Please use this identifier to cite or link to this item: http://hdl.handle.net/2440/102515
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Type: Journal article
Title: Novel solid-state solar thermal simulator supplying 30,000 suns by a fibre optical probe
Author: Alwahabi, Z.
Kueh, K.
Nathan, G.
Cannon, S.
Citation: Optics Express, 2016; 24(22):A1444-1-A1444-10
Publisher: Optical Society of America
Issue Date: 2016
ISSN: 1094-4087
1094-4087
Statement of
Responsibility: 
Zeyad T. Alwahabi, Kimberley C.Y. Kueh, Gus J. Nathan, and Scott Cannon
Abstract: An efficient 3.168 kW solid-state solar thermal simulator (SSSTS), capable of supplying ~30,000 suns at a focal plane via a fibre optical delivery, has been developed. The source consists of 41 diode lasers, each operated at a wavelength and power of ~915 nm and ~80 watt, respectively. The SSSTS provides a semi-top hat radiation profile and can be focused to a diameter of ~10.5 mm. The electro-optical power efficiency of the SSSTS was evaluated to be 55%, where the maximum value of the uniform radiation flux exceeds 36.6MW/m2. As such, the present technology is relevant to solar thermal applications that are not wavelength-sensitive or where narrow line-width is desirable. Additionally, the fibre optical delivery feature enables ease of direction onto a suitable target, without the need of large ellipsoidal reflectors usually employed for the conventional arc solar simulators. To demonstrate the new SSSTS, ZnO:Zn particles were introduced into the path of the radiation to investigate the change in their own temperature by using the laser induced phosphorescence technique (LIP). The temperature of the averaged particles was measured at a different radiation flux over a ~87 mm2 cross sectional area. A change in the average particle temperature of up to 225°C was detected within the measurement volume when the SSSTS was operated at a flux of ~30,000 suns. The unique characteristics of the SSSTS, namely, the uniformity, high power flux, efficiency, ease of delivery, and precise control of the radiation flux responds to the current demands of solar thermal research.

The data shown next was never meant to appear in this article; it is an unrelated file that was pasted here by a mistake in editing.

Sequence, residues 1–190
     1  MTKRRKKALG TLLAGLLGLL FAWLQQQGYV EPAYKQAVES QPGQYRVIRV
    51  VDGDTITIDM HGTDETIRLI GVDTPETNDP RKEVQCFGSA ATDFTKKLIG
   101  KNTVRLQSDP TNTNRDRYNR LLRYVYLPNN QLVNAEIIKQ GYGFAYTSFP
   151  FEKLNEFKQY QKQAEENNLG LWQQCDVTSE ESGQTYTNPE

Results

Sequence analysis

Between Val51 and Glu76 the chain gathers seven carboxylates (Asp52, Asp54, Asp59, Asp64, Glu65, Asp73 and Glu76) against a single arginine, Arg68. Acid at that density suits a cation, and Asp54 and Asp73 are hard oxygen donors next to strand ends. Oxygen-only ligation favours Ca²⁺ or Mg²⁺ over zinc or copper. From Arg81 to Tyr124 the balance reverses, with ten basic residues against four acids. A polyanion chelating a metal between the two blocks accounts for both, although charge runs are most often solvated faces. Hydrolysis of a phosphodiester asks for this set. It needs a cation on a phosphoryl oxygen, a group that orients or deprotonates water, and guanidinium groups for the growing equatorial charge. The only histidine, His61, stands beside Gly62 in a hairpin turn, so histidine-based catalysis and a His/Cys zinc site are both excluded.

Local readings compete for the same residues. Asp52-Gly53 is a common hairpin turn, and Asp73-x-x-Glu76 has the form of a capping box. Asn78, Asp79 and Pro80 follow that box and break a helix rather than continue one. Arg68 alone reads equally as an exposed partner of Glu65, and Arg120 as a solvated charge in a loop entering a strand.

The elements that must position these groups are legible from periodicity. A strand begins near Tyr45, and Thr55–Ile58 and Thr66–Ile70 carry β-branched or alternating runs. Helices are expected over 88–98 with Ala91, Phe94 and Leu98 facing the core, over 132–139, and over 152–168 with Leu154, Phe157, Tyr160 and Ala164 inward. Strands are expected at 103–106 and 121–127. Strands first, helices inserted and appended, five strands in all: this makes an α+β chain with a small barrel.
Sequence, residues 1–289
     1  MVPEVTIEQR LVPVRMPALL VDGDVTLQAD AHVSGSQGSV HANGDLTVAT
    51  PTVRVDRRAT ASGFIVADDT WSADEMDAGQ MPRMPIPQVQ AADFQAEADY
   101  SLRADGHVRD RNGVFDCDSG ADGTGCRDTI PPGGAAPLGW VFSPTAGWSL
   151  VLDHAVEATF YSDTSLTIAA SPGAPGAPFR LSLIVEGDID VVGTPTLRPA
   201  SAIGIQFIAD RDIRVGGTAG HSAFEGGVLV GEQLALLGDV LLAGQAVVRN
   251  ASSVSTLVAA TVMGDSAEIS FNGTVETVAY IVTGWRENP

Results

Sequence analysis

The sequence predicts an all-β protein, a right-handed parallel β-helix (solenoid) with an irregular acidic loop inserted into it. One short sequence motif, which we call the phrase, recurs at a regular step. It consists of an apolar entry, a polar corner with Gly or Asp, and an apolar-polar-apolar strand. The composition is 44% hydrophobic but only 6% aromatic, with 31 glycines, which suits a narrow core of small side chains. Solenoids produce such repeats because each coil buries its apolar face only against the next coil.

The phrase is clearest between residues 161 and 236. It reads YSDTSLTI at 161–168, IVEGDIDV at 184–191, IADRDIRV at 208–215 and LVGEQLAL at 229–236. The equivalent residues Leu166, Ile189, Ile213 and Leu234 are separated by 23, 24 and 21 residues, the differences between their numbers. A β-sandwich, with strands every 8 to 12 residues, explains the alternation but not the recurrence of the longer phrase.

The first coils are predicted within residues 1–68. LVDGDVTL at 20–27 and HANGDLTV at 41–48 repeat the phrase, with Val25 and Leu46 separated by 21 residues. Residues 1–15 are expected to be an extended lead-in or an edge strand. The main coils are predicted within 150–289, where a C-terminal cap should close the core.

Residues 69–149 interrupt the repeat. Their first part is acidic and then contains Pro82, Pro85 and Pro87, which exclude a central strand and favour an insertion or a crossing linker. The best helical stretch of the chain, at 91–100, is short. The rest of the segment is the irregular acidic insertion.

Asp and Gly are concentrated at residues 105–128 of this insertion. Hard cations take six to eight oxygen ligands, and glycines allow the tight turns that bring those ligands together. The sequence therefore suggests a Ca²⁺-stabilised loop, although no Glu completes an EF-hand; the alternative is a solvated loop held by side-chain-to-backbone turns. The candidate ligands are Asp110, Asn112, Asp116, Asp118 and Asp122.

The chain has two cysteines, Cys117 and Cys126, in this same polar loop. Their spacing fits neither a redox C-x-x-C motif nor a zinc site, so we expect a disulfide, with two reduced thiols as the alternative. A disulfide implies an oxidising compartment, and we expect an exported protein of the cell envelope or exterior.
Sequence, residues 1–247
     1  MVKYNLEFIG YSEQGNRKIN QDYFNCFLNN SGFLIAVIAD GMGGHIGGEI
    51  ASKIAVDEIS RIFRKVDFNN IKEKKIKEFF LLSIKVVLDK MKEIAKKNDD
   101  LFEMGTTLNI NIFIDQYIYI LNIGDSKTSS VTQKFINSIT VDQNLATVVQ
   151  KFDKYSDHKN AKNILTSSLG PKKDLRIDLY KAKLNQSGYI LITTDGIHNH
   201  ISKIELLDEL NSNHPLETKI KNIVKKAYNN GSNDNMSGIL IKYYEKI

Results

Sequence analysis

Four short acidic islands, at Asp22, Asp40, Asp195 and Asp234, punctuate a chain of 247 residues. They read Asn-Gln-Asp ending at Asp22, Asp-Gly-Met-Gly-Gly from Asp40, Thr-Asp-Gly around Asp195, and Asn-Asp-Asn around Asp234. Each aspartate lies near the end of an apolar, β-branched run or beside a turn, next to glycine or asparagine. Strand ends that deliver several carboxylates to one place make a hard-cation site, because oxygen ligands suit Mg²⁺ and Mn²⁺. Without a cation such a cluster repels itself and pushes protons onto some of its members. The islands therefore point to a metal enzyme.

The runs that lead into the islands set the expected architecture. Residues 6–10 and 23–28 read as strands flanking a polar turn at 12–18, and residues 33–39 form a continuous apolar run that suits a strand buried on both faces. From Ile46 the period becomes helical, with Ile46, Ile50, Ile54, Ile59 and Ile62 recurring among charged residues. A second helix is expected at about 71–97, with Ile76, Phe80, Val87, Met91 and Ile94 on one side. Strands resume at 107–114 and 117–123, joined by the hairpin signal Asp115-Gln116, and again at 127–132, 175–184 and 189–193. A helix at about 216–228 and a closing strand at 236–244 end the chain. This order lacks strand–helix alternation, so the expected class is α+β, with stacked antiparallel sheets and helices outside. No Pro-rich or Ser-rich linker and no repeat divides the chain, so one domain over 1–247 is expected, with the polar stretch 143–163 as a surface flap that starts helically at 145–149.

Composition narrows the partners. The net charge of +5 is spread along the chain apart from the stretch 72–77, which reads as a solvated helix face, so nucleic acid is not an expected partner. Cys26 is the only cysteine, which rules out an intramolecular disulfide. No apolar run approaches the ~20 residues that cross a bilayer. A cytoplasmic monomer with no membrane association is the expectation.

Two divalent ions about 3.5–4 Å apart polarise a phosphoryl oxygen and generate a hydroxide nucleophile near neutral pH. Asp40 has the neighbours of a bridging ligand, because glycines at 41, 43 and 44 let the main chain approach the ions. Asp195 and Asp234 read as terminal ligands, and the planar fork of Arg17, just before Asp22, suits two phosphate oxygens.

Rights: © 2016 Optical Society of America
RMID: 0030057710
DOI: 10.1364/OE.24.0A1444
Grant ID: http://purl.org/au-research/grants/arc/DP150102230
Appears in Collections:Chemical Engineering publications

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